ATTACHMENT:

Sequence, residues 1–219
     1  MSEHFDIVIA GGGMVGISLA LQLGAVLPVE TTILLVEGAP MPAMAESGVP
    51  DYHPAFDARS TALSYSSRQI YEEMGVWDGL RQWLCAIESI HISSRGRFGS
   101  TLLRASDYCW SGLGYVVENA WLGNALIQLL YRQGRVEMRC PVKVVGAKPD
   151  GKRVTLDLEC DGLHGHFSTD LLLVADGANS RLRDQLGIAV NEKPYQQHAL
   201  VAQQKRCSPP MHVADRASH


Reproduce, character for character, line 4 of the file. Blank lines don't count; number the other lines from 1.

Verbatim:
   101  TLLRASDYCW SGLGYVVENA WLGNALIQLL YRQGRVEMRC PVKVVGAKPD